Yesterday, I mentioned that one thing we can all do to assist the pro-life movement is pray daily for an end to abortion. Another very obvious, but easily overlooked step, is to find out what the Catholic Church teaches about abortion. While most people are aware that the Church condemns abortion, many Catholics don’t fully understand the Church’s teaching. This lack of knowledge makes it difficult to defend that position when necessary.
The Catechism of the Catholic Church (CCC) states:
Human life is sacred because from its beginning it involves the creative action of God and it remains forever in a special relationship with the Creator, who is its sole end. God alone is the Lord of life from its beginning until its end: no one can under any circumstance claim for himself the right directly to destroy an innocent human being. (CCC 2258)
Human life must be respected and protected absolutely from the moment of conception. From the first moment of his existence, a human being must be recognized as having the rights of a person—among which is the inviolable right of every innocent being to life. (CCC 2270)
Since the first century the Church has affirmed the moral evil of every procured abortion. This teaching has not changed and remains unchangeable. Direct abortion, that is to say, abortion willed either as an end or a means, is gravely contrary to the moral law (CCC 2271)
Formal cooperation in an abortion constitutes a grave offense. The Church attaches the canonical penalty of excommunication to this crime against human life. “A person who procures a completed abortion incurs excommunication latae sententiae,” “by the very commission of the offense,” and subject to the conditions provided by Canon Law. The Church does not thereby intend to restrict the scope of mercy. Rather, she makes clear the gravity of the crime committed, the irreparable harm done to the innocent who is put to death, as well as to the parents and the whole of society. (CCC 2272)
To summarize, the Catholic Church considers abortion murder and it is ALWAYS condemned with no exceptions. Sounds pretty clear, right?
“What about when a woman is raped and a pregnancy results?” While I agree that this is a very difficult situation, supporting abortion in this case implies that God doesn’t know best. The Church teaches that God is “the author of life” and for some reason He allowed this new life to be conceived. We may never know the reason, but “God’s ways are not our ways” (Is 55:8). Secondly, an abortion would result in the murder of an innocent child. There are many couples who would be happy to adopt this child. While I’m not denying the difficulty of a pregnancy in this case, murdering him/her isn’t going to make the pain disappear.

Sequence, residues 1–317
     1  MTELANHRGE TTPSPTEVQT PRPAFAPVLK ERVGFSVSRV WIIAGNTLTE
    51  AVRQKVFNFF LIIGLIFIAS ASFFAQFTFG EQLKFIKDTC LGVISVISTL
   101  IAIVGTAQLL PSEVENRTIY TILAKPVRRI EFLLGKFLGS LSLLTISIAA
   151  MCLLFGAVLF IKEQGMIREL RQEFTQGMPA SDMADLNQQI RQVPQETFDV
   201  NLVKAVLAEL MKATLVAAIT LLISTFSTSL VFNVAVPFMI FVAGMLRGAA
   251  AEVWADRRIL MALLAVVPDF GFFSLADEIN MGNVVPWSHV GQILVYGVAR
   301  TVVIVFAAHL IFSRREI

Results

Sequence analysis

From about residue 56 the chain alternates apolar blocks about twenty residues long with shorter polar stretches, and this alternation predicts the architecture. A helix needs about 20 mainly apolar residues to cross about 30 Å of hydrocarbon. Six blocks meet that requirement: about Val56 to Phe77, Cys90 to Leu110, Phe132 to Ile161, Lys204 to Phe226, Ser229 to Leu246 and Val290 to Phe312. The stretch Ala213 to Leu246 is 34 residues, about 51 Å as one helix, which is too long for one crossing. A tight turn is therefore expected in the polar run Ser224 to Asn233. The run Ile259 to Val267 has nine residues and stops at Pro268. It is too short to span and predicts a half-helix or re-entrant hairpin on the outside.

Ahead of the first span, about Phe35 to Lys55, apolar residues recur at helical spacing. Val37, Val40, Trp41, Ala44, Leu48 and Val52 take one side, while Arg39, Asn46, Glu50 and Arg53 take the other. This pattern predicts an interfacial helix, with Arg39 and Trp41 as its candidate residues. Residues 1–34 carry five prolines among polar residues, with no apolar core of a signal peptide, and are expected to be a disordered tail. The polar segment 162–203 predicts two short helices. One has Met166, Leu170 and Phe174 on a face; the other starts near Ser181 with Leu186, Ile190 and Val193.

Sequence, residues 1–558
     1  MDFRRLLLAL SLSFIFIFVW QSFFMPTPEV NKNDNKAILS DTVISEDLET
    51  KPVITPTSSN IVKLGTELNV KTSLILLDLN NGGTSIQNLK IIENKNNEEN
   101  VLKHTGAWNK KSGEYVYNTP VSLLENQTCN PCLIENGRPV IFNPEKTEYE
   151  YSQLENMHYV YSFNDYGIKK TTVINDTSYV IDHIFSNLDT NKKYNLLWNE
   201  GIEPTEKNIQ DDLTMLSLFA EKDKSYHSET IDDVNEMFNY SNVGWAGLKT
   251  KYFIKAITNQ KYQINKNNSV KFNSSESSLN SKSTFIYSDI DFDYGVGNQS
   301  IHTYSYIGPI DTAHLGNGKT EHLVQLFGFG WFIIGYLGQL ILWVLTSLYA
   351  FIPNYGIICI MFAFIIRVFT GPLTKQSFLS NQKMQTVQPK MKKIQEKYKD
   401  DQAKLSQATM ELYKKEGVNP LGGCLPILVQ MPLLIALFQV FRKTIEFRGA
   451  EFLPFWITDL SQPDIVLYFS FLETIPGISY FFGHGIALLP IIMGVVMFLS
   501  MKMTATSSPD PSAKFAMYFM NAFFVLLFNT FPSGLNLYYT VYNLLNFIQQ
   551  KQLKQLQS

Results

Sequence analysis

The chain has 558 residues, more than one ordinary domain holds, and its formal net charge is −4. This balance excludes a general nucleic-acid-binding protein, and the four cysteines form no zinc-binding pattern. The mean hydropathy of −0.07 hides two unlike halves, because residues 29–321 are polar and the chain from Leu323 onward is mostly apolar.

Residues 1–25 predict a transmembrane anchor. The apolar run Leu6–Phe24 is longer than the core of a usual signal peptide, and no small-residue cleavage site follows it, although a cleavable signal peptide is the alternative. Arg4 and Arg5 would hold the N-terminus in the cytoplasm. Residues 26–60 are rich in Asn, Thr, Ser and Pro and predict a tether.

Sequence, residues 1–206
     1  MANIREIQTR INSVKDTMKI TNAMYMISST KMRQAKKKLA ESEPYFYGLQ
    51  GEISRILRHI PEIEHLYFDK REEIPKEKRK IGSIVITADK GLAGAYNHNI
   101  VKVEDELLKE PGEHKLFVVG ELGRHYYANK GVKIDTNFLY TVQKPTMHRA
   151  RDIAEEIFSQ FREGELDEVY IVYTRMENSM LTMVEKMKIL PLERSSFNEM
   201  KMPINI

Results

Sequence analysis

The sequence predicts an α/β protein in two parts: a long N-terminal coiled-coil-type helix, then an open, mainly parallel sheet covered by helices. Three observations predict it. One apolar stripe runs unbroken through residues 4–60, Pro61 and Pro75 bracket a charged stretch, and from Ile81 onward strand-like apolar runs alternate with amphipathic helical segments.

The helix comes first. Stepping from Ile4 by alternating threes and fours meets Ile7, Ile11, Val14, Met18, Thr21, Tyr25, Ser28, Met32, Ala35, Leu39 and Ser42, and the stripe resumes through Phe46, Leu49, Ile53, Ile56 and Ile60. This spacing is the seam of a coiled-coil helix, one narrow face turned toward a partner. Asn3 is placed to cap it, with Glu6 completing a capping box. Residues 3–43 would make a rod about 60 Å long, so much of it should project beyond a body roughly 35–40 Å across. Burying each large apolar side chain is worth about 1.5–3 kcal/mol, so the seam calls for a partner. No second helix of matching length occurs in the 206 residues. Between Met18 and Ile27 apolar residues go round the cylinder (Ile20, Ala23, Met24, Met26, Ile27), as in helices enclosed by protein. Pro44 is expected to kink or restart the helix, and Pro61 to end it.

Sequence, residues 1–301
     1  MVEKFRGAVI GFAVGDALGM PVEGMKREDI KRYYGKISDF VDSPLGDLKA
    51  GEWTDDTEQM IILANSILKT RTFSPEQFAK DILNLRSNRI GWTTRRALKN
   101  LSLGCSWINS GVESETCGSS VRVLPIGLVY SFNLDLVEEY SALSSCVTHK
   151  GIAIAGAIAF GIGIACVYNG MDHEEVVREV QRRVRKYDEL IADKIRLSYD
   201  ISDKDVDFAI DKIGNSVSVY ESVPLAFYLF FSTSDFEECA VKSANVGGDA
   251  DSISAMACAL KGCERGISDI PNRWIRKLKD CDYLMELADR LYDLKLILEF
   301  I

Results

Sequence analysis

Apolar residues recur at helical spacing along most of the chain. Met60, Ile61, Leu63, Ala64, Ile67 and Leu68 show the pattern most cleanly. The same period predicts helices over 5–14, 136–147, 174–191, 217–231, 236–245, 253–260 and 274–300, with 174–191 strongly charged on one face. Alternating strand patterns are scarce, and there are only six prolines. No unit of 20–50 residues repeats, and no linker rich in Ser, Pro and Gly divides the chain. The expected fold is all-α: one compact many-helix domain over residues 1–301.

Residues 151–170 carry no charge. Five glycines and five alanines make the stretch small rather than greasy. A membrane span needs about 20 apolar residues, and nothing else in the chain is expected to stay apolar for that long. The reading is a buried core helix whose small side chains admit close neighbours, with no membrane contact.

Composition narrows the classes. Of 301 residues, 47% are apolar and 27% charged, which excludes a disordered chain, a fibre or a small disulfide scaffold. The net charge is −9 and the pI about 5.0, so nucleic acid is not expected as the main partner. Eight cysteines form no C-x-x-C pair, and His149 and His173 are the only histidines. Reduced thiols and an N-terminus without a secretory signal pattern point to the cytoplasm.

“What about if the mother’s life is in danger?” Choosing abortion in this case implies that the mother’s life is more important than that of the child. This contradicts the teaching of the Church, who states that we are all created equal. Also, there is no doctor who can predict with certainty that the mother will die… only God knows for sure. Having an abortion, however, ALWAYS guarantees the death of the child. Even though it is difficult, we must always trust in God’s providence. The story of Abraham and Isaac provides a great example of trusting in God even when it doesn’t make sense (Gn 22:1-24).
“It’s my body and I can do what I want!” This argument completely baffles me. I really don’t even know how to respond to this statement. Other than replying with the obvious (“no it isn’t!), I turn to the legal system. In the United States, if a pregnant woman is murdered and her baby dies, the murderer is charged with 2 counts of homicide. If our legal system (the same one which upholds the right to legalized murder) recognizes that an unborn child is alive, shouldn’t it be obvious to the rest of us?
While I have only addressed a few common arguments, the point that I wish to make is that abortion is always wrong…period! Some people will try to complicate the issue, but don’t let them. Turn to the Church for wisdom and continue to “stand up for life” at home, in the workplace and in the world.